Health Serv Res Manag Epidemiol. 2021 Aug 31;8:23333928211042454. doi: 10.1177/23333928211042454. eCollection 2021 Jan-Dec.
BACKGROUND: On average Black patients have longer LOS than comparable White patients. Longer hospital length of stay (LOS) may be associated with higher readmission risk. However, evidence suggests that the Hospital Readmission Reduction Program (HRRP) reduced overall racial differences in 30-day adjusted readmission risk. Yet, it is unclear whether the HRRP narrowed these LOS racial differences.
OBJECTIVE: We examined the relationship between Medicare-insured Black-White differences in average, adjusted LOS (ALOS) and the HRRP's implementation and evaluation periods.
METHODS: Using 2009-2017 data from State Inpatient Dataset from New York, New Jersey, and Florida, we employed an interrupted time series analysis with multivariate generalized regression models controlling for patient, disease, and hospital characteristics. Results are reported per 100 admissions.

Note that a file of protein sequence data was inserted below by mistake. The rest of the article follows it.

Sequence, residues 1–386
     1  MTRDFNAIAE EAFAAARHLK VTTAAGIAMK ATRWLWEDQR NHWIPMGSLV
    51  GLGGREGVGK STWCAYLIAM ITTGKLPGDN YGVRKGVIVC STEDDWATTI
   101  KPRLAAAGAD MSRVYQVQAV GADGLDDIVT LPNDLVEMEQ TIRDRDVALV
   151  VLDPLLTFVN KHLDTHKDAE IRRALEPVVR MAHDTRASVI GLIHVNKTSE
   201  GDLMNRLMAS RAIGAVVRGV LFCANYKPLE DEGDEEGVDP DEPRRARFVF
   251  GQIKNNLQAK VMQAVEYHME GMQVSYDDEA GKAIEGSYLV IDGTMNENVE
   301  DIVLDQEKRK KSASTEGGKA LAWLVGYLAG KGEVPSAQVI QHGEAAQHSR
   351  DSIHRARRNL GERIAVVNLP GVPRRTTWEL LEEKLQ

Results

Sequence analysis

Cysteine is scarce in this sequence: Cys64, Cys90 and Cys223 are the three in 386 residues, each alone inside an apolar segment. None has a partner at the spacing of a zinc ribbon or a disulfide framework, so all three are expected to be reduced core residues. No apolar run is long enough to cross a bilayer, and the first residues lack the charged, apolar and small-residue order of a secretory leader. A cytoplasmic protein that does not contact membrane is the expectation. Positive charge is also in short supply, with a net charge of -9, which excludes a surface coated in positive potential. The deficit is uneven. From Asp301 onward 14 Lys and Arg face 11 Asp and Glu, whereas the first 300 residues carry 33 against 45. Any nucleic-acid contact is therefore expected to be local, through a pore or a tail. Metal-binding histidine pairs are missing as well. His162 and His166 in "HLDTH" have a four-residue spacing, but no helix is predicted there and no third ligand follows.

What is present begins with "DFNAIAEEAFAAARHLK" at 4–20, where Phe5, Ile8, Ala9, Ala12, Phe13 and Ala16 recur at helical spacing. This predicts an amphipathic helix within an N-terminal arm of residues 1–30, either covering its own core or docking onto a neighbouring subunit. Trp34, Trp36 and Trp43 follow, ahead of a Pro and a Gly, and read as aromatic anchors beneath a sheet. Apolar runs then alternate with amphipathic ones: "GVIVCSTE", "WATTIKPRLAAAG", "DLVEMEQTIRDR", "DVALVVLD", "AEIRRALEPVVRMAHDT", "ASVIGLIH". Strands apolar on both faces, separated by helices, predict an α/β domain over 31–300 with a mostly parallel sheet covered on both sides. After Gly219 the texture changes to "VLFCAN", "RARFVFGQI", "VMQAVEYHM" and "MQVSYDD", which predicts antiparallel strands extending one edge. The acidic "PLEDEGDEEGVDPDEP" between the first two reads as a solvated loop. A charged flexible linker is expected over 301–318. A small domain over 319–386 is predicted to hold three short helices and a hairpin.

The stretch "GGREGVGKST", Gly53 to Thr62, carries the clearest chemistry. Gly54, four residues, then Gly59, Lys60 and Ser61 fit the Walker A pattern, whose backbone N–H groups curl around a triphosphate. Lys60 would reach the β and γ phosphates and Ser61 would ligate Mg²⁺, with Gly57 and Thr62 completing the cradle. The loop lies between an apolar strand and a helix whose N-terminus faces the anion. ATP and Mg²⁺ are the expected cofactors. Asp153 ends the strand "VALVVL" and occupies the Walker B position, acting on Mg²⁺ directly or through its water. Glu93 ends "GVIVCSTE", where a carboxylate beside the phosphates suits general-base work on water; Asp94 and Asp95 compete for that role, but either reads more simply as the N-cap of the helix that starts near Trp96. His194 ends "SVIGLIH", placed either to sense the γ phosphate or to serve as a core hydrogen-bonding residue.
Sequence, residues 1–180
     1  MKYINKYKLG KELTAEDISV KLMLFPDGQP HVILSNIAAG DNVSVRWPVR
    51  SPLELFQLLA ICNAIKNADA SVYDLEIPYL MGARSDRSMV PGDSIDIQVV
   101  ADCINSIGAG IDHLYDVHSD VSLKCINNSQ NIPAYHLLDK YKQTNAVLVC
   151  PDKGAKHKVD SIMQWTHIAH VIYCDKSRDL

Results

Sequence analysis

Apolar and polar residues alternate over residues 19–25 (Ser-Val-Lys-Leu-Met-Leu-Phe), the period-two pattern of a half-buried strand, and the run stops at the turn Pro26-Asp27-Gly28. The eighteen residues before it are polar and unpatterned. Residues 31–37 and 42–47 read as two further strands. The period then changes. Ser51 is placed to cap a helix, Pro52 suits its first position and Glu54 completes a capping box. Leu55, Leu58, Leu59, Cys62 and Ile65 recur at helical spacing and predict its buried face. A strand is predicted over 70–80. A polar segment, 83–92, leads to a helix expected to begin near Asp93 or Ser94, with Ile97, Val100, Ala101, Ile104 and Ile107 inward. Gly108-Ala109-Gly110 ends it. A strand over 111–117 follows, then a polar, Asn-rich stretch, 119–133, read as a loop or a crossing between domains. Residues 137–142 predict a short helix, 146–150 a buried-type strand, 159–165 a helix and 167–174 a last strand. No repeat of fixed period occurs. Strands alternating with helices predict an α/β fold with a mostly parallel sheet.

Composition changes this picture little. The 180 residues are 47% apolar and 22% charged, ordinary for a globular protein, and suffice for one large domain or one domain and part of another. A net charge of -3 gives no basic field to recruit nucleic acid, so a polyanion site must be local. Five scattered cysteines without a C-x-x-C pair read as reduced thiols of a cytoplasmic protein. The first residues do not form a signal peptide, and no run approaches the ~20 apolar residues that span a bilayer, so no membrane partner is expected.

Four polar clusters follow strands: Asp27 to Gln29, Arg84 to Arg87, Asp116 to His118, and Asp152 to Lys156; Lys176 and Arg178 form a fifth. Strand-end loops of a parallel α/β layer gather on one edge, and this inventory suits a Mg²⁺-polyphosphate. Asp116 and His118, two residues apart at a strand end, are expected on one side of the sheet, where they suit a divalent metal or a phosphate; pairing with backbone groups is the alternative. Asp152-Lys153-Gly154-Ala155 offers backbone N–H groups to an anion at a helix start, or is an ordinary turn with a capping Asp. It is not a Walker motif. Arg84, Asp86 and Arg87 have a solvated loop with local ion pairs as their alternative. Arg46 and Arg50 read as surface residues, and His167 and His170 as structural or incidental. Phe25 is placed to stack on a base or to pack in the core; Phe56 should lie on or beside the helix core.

RESULTS: We found that for those discharged home, Black-White ALOS differences significantly widened by 4.15 days per 100 admissions (95% CI: 1.19 to 7.11, P < 0.001) for targeted conditions from before to after the HRRP implementation period, but narrowed in the HRRP evaluation period by 1.84 days per 100 admissions for every year-quarter (95% CI: -2.86 to -0.82, P < 0.001); for those discharged to non-home destinations, there was no significant change between HRRP periods, but ALOS differences widened over the study period. Black-White ALOS differences for non-targeted conditions remained unchanged regardless of HRRP phase and discharge destination.
CONCLUSION: Increased LOS for Black patients may have played a role in reducing Black-White disparities in 30-day readmission risks for targeted conditions among patients discharged to home.